10 Things I Learned About Getting Kids to Make Their Own Lunches

Letting kids lead with new food ideas

10 Things I Learned About Getting Kids to Make Their Own Lunches

Don't tell my kids, but I have an ulterior motive to hand off some of the school lunch prep next year. I want my kids to be making their own lunches for school, but I want them to do it with some knowledge of what to include and why. Giving them some room to explore and learn ahead of time is key.

We were recently hosted by Maple Lodge Farms at a local event featuring a great family first activity - a sandwich making competition!

With a massive spread of ingredients and toppings to choose from, we were challenged to create a delicious sandwich that would also be unique to our family in some way - flavour, style, ingredients, or name.

Here’s what I learned:

1. Anything can go into a sandwich!

Seriously, in a group of kids, not one questioned the gummy worms on the counter. There were vegetables, chips, gummy worms, cheese, deli slices, pickles, bacon, lettuce, and a bounty of condiments. The kids didn’t hesitate. For school lunches, I could give them basic rules like “must contain one source of protein (cheese, deli slices, etc.) and two vegetables (lettuce, tomato, etc.)” and for home, we could add in an even wider range of ingredients (tuna, egg, bacon, avocado, etc.)

2.  Let the kids take the lead

I let the kids run the show. With no prompting from me, the kids chose romaine lettuce, red peppers, cucumbers, and red onion to add flavour and crunch to their sandwich. Creating strategic layers of meat, cheese then a layer of diced veggies on top led the kids to the name for our sandwich - Layers of Awesome. Who could argue with that?

3.  Ignore your kids

I was amazed at how fast they got on board to not only dig into the task at hand, but to also work together to get to a finished family entry. I turned my back to chat with a friend, and when I checked in on the kids, they were plotting and negotiating - without me!

4.  Competition can be a good thing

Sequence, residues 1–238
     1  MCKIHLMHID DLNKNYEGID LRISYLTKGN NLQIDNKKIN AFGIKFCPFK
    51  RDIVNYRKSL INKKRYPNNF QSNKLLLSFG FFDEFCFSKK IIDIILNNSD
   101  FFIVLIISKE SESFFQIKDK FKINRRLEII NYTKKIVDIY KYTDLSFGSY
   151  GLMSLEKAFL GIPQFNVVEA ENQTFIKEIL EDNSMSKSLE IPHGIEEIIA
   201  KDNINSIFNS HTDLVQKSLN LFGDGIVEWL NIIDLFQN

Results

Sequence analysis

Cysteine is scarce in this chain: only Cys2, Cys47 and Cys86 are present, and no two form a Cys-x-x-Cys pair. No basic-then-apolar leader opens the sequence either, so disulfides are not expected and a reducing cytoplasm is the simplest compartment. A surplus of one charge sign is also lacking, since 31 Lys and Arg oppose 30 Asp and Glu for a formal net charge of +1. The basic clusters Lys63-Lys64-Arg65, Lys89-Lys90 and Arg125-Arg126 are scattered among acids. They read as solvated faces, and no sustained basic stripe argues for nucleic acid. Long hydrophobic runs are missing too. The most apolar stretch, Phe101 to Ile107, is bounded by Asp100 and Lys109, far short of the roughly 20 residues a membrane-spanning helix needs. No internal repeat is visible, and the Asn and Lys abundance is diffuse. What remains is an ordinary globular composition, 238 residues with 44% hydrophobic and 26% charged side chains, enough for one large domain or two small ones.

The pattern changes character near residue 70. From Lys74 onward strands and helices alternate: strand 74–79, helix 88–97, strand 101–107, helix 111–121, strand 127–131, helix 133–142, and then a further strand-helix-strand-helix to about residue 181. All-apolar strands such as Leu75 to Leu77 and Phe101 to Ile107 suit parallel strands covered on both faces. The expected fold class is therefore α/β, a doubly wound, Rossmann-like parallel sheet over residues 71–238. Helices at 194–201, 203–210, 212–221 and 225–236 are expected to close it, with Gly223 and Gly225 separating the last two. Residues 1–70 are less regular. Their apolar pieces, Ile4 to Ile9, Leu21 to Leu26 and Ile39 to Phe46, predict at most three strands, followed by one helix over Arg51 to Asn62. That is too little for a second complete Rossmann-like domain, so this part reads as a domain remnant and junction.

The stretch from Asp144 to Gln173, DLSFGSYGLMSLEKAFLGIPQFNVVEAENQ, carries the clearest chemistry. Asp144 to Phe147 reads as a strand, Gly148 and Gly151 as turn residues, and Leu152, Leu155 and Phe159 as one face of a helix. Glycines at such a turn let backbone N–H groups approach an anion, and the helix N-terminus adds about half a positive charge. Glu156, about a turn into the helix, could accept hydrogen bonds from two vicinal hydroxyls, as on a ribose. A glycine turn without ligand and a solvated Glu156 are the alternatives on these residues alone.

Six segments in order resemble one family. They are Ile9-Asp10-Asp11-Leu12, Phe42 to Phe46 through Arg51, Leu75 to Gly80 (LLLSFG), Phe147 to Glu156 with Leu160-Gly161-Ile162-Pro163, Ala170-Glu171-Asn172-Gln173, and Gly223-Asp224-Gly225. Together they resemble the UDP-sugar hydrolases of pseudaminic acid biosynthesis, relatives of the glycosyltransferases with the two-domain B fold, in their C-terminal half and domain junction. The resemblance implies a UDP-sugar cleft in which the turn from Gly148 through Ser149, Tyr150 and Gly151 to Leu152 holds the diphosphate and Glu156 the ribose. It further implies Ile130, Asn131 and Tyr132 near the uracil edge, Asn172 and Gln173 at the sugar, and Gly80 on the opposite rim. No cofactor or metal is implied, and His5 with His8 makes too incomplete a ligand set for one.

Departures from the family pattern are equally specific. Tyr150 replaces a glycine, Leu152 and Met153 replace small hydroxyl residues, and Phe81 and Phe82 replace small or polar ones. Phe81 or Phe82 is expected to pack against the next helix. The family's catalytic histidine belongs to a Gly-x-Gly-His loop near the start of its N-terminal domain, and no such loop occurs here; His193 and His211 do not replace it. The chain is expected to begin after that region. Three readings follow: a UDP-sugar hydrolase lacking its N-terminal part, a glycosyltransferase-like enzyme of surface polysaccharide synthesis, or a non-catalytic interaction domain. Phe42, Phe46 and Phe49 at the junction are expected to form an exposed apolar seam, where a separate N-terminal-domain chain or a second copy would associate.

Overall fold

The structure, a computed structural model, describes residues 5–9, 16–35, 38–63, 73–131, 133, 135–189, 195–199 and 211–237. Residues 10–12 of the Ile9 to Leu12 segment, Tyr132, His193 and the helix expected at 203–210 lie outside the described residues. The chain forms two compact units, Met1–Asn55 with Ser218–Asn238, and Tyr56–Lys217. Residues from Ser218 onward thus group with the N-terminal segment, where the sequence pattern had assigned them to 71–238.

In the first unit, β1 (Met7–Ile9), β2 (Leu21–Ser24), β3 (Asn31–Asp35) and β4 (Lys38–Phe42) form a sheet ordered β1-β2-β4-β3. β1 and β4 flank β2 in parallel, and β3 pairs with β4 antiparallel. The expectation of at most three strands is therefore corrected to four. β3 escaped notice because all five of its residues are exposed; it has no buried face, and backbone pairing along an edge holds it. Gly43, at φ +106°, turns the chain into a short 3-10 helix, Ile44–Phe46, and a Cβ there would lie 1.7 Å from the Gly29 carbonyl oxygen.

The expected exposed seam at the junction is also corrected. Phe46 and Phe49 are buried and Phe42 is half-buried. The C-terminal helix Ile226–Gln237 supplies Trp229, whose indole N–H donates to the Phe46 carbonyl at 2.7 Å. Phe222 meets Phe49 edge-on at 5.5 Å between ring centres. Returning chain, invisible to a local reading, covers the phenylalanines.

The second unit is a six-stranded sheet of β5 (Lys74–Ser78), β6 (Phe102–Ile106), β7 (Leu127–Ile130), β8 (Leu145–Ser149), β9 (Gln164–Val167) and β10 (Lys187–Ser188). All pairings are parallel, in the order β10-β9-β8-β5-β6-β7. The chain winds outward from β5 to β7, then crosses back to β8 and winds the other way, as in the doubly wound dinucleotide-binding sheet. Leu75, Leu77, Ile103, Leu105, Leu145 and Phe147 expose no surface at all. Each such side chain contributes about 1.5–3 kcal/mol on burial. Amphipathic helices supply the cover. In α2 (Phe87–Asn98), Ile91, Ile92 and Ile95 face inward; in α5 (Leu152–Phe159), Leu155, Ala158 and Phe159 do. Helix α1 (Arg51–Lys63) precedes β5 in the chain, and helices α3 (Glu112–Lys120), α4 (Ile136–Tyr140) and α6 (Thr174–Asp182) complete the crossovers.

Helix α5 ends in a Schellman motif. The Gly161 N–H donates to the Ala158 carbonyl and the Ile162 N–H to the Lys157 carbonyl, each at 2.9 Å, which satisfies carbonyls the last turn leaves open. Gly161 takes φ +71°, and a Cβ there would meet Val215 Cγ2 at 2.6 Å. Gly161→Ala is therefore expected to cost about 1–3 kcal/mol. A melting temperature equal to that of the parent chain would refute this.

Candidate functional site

They were having such a great time, and I was both proud and sort of surprised at the level of teamwork they mustered up. Realizing they were on the same team and creating a sandwich together put them in an interesting spot, and it was fun to see them coming up with ideas and having to angle for their preferences. Having said that, I'm definitely going to start holding an ongoing sandwich making competition at home.

5.  Get creative

Kids love food, full stop. And they loved the freedom to create, on their own, with little to no direction from me. They loved the opportunity to walk up to a simple cutting board and knife, and pile a plate high with options from the food station set up for us. Why not try this in your kitchen? Give them a cutting board, ingredients, and anything else they may need. Then sit back and see where they go with it!

6.  Encourage your kids’ inner foodies

Our sandwich featured the Maple Lodge Farms Naturally from the Farm Oven Roasted Chicken deli slices, swiss and cheddar cheese, and no less than FOUR kinds of vegetables...bringing us a win for Healthiest Sandwich.

7.  Turn food into art

Given the chance to play, the kids who participated in this event turned out colourful plates with combinations I’d never have considered. They added colour and extra ingredients to their plates to pretty it up - even the younger kids who I could see having less experimental palates were braver about adding more ingredients and then wolfing the sandwiches down.

8.  Everything Is better with bacon!

This one goes without saying. While we built our creation, we happily snuck tastes of all the foods offered for our sandwiches, including the Naturally from the Farm Hickory Smoked Chicken Bacon. The cheer of approval that went up when the bacon was ready should tell you - yep, everything’s better with bacon.

9.  Don’t assume you know what your kids will eat

I got a closer look at what they were choosing and why, and listened to them debate the benefits and drawbacks of different ingredients. My son, who hadn’t taken a sandwich to school more than a handful of times in the last few years, had lots to say about what he likes in sandwiches and what makes them awesome - to him. Now, he's inspired to make his own.

10.  Make it a game

My biggest takeaway was the reminder that food for kids can be fun, and how easily all the kids got into the spirit of the competition. I’m definitely going to use that at home - school lunch sandwich speed contests during the week, and maybe the odd weekend competition where I provide the food, and they compete for categories - healthiest, most ingredients, most colourful. And of course, wackiest!

By this time next year I’m hoping to be off school lunch duty entirely...can’t wait!

Jen Taylor is a writer based in Calgary, Alberta. With over 150 articles published online, she knows how to turn content planning and words into stories that connect. A lover of words, and chaser of good things, you can usually find her drinking coffee or running off to the mountains for inspiration. You can find her website at Mocha Creative Works.